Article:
- The organizational structure of Procter & Gamble is predominantly product-type divisional. This means decision-making, strategy, and management are determined by product-based divisions headed by autonomous CEOs.
- Procter & Gamble incorporates six geographic divisions that help it manage its vast global operations. Each division is headed by a company President with its own management team.
- Procter & Gamble is ultimately led by a CEO, President, COO, and six divisional CEOs. Functional groups are operated by various Presidents and Chief Officers in areas such as Branding, Product Supply, Human Resources, and Sustainability.
Procter & Gamble is a multinational consumer goods corporation that was founded in 1837 by William Procter and James Gamble.
Procter & Gamble has a vast portfolio of brands in personal care, beauty, fabric, baby, grooming, and home care, to name a few. While the company has sold off many of its brands and restructured to streamline operations in recent years, it remains a behemoth today.
With that said, let’s explain how this company structures itself in 2022.
The organizational structure of Procter & Gamble is predominantly product-type divisional. Decision-making, strategy, management, and the very composition of work teams are determined by product-based divisions that house each of the company’s 10 product categories.
The company operates five divisions which it calls sector business units (SBUs):
- Baby, Feminine & Family Care.
- Health Care.
- Grooming, and
- Fabric & Home Care.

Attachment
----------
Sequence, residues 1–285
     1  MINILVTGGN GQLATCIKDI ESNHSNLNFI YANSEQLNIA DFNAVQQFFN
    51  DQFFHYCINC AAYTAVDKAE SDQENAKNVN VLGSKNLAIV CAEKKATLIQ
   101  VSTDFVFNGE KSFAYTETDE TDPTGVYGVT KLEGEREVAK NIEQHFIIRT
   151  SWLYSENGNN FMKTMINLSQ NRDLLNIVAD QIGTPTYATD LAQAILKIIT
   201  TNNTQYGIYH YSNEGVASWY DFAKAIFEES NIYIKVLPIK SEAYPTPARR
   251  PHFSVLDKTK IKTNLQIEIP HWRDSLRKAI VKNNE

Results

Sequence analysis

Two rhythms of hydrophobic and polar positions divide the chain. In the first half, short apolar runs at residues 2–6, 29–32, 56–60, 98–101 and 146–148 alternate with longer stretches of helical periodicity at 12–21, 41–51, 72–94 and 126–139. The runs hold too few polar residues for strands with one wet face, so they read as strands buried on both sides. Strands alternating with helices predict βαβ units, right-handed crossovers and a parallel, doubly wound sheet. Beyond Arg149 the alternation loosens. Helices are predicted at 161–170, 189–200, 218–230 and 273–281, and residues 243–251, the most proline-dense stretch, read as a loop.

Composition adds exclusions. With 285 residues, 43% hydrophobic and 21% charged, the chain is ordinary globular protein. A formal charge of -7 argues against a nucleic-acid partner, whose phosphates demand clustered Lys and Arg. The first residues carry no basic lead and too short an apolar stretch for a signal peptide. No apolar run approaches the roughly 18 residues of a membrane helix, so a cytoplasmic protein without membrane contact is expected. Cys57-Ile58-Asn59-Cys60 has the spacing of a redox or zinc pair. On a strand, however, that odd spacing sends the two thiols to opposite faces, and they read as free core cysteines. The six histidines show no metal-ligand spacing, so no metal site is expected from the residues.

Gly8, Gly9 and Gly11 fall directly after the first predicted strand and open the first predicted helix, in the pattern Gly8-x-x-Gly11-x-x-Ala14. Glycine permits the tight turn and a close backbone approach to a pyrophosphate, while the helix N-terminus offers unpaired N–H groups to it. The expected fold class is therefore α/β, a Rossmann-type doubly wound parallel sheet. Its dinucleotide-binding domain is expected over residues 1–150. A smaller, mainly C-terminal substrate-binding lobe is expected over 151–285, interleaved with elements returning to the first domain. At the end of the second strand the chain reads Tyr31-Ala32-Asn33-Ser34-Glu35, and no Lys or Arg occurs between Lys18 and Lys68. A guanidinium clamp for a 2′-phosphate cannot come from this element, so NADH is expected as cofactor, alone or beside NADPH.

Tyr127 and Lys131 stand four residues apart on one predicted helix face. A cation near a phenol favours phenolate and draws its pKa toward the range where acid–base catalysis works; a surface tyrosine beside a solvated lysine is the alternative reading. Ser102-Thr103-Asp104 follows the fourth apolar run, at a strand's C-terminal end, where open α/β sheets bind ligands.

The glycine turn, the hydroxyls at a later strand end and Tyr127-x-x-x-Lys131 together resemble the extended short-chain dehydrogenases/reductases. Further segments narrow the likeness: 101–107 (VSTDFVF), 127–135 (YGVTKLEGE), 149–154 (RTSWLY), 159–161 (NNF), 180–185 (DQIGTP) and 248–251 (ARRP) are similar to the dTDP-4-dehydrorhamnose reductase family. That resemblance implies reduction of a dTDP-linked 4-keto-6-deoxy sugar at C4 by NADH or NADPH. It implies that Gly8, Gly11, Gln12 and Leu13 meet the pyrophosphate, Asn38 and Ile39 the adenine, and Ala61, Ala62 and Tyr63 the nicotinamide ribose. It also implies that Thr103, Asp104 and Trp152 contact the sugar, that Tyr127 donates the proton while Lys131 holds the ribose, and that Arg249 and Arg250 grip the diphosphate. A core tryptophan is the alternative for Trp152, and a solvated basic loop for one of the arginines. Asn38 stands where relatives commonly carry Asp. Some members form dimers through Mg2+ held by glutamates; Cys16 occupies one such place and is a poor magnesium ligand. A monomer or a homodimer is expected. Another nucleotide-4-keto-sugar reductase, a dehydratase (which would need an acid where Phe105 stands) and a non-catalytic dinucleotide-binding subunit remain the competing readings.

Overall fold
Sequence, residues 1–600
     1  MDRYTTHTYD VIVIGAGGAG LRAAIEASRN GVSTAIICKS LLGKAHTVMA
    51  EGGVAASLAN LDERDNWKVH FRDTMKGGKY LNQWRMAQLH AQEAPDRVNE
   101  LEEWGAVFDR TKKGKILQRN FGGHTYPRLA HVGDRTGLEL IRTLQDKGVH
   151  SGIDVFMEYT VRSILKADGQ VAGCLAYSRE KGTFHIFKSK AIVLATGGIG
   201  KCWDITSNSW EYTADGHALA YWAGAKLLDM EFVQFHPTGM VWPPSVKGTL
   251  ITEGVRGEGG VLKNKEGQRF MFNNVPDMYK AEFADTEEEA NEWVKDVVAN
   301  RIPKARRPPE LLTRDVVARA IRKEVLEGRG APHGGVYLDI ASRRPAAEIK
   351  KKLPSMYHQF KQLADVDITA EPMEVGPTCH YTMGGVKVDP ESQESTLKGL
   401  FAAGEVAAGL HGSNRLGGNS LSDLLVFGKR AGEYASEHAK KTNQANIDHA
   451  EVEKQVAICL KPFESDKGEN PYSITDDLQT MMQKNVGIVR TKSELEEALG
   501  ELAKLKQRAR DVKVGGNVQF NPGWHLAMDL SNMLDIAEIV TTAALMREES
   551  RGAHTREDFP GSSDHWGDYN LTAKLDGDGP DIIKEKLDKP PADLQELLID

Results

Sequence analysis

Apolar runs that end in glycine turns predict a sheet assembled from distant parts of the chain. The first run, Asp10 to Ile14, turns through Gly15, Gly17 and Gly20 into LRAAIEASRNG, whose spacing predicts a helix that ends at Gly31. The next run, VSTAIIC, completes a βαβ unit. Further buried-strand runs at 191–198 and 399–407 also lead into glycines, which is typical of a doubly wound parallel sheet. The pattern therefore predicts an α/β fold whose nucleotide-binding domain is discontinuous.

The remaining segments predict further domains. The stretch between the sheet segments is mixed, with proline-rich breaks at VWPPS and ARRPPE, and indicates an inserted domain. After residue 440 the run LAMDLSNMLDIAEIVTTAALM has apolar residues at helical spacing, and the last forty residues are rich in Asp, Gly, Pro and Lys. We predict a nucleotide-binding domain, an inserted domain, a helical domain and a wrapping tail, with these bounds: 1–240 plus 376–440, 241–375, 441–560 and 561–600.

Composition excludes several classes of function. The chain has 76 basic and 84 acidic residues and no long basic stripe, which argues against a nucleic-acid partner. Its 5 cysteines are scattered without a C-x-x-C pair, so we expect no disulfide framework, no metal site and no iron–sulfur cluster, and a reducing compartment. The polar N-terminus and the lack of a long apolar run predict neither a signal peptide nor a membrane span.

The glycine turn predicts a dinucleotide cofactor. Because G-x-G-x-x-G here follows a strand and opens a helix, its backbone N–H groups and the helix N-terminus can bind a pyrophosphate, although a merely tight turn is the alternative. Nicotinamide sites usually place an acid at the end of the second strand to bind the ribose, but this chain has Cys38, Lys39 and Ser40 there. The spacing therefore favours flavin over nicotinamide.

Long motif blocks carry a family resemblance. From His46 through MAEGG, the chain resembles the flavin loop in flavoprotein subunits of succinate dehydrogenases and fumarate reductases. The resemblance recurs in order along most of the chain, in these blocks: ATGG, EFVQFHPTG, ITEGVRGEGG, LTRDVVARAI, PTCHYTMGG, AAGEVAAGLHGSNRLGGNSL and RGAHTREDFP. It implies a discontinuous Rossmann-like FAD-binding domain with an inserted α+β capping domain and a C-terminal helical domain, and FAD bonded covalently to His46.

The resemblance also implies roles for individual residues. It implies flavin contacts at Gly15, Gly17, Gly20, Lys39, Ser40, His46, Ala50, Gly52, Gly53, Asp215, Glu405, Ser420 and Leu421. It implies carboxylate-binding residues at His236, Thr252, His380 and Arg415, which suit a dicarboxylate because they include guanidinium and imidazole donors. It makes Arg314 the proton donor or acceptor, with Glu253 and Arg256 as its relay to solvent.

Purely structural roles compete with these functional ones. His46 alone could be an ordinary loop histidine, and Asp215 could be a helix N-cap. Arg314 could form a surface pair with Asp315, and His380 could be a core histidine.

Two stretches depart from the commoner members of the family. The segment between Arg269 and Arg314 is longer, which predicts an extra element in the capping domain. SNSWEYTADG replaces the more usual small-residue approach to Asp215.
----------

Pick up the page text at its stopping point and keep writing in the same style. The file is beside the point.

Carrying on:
Each SBU is led by a CEO who has complete autonomy and thus responsibility for any profit or loss that is incurred.
The most profitable SBUs that collectively account for 80% of sales and 90% of after-tax profit are called Focus Markets. Each works across the five SBUs on scaled market services and capabilities. This includes warehousing, logistics, customer teams, transportation, and even a requirement to represent the company externally.
The less profitable SBUs are organized into a separate unit called Enterprise Markets. In this case, each SBU works with the Enterprise Markets unit to deliver mutually agreed-upon business goals via innovation planning, supply planning, and operational frameworks.
As a vast company with global reach, geographic divisions help Procter & Gamble maintain a regional focus with distinct management teams for each division.
The company has six divisions, with each headed by a President:
- North America.
- Asia Pacific.
- Greater China.
- India, Middle East and Africa (IMEA).
- Latin America.
Leadership structure and functional groups
The company has a large team of executives with CEO David S. Taylor supported by President Jon R. Moeller and COO Shailesh G. Jejurikar. The next most senior level of management is the divisional, autonomous CEOs mentioned earlier in this article.
Functional groups allow Procter & Gamble to effectively support its diverse interests around the world. Various Presidents and Chief Officers head functional groups related to:
- Research, Development and Innovation.
- Human Resources.
- Equality & Inclusion.
- Product Supply.
- Ethics & Compliance.
- Analytics & Insight.
- Global Walmart.
- Legal and Secretariat.
Read Also: Accenture Business Model.
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